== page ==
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Recreating ANSI Artwork from a screenshot

Recreating ANSI Artwork from a screenshot

2023-02-27 14:20:34

Within the early to mid-90s, I ran a BBS out of my bed room. It wasn’t highly regarded, however I did have numerous time on my arms and I spent numerous that point modding it. Initially, I wrote mods for myself, however ultimately I began releasing them to different folks. As a youngster, this was the primary software program that I wrote that different folks used. This was my contribution to “the scene” and now my solely declare to fame from that point is that I’m a part of the ultimate member listing of ACiD Productions below BBS Modifications.

Throughout this period, I requested certainly one of my customers to create some ANSI artwork for me:

me asking someone to create ansi art

And so they agreed!

user agreeing to create ansi art

11 days later, they uploaded the ANSI artwork to my BBS.

delivering the ansi art

Chances are you’ll be questioning what the cope with these Home windows XP-era screenshots is. Effectively, I used to backup my BBS with a Colorado Tape Backup drive. Right here’s an image of 1 I discovered on the Web:

colorado tape backup

In 2001, I discovered a 250 MB tape that was the final backup of my previous BBS and restored it to my pc. Feeling nostalgic, I logged in to it regionally and took just a few screenshots. Once I first logged-in to it, it displayed the ANSI artwork that my person had made for me:

screenshot of ansi art

It scrolled by fairly quick, so I took a collection of screenshots of it after which used Photoshop to mix them. I made just a little webpage for it so I might have a look at it from time to time and went on with my life.

Shortly after this, my laborious drive died. I feel it was an IBM Deathstar. I do not know what occurred to the 250 MB tape, however I feel it’s secure to say that even when I do discover it, it most likely isn’t going to work.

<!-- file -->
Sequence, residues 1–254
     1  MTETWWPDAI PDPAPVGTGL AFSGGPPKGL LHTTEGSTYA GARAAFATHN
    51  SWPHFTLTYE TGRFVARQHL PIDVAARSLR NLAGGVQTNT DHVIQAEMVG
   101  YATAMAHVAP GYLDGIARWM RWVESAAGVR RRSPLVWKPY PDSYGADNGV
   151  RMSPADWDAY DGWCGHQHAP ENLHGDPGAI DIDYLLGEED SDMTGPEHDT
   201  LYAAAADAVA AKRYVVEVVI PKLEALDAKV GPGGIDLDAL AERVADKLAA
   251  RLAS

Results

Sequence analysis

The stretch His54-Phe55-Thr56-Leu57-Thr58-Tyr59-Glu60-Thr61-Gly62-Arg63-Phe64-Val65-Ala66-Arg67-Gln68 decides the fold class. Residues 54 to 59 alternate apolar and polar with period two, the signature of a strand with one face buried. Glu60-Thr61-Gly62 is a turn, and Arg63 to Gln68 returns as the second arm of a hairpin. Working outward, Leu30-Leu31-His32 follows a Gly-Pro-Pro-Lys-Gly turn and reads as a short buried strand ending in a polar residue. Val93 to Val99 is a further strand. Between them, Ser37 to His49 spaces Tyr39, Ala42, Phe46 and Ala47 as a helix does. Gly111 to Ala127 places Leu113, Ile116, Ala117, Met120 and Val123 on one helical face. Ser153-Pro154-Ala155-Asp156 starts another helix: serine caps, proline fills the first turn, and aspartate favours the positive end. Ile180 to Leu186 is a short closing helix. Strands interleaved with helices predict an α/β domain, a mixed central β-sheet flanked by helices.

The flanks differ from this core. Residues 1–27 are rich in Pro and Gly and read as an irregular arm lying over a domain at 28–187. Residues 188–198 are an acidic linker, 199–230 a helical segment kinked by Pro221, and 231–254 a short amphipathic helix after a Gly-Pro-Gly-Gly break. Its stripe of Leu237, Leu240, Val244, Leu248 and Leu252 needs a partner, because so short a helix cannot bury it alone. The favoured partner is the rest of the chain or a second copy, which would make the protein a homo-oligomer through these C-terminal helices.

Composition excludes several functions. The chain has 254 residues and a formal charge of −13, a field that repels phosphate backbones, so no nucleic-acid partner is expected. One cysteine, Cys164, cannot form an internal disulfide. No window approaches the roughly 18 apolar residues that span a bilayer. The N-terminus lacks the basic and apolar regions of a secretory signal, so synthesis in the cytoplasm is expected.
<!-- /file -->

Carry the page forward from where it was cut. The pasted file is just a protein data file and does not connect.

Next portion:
Fortunately, because of the ability of the online, I nonetheless have these screenshots. Unluckily, I by no means truly uploaded the unique ANSI file, so I don’t have that. From time to time I’ll seek for it on the Web, however I’ve concluded that it by no means made it into an artpack and thus I had the one copy of it, till I didn’t.

It’s not essentially the most stunning ANSI artwork, however it’s one thing that somebody made for me and I’ve all the time been just a little bummed that I can’t have a look at it in one of many many ANSI viewers (or DOS emulators) that exist right now.

Let’s repair that!

The very first thing to grasp about ANSI artwork is that it combines two issues: characters from the IBM Code page 437 and ANSI escape sequences that do issues like change colours and transfer the cursor round.

I discovered this extraordinarily handy page that exhibits all of the totally different characters in Codepage 437.

Codepage 437

Characters #0 – #31 are management characters, and #127 is DEL, so we are able to ignore these. The remainder of them are utilized in ANSI artwork, though the shade blocks and half blocks are predominately used.

The best way that you’d sort certainly one of these bizarre characters on an IBM PC is that you might maintain down ALT and sort the ASCII code in your numpad. Once you launched ALT, the character would present up. However most artists would use a program like TheDraw or ACiDDraw to design their artwork.

Talking of TheDraw, let’s check out the colour choice display screen from it:

TheDraw color selection screen

There are sixteen foreground colours and eight background colours. Ignore 16-31, I captured this screenshot mid-blink.

Altering the foreground and background colours and writing the characters from Codepage 437 produces the ANSI artwork that we all know right now:

LU-Holiday.ans by Luciano Ayres from Blocktronics Blockfury
LU-Vacation.ans by Luciano Ayres from Blocktronics Blockfury

To precisely show ANSI artwork, it’s necessary to make use of an acceptable IBM PC font, like this one. It will be certain that your artwork seems the way in which that it was meant by the artist.

The technique for conversion that I got here up with was: cut up the screenshot into particular person characters. For every character, generate each doable permutation of background colour, foreground colour, and character from Codepage 437 and evaluate it to the character within the screenshot, then choose the one that’s the most related.

There’s most likely numerous alternative ways to do that, however I figured the simplest can be to make a webpage and use the Canvas API.

As a check case, I used a program referred to as ansilove to take an present .ANS file and generate a PNG of it. It even got here with an instance ANS file: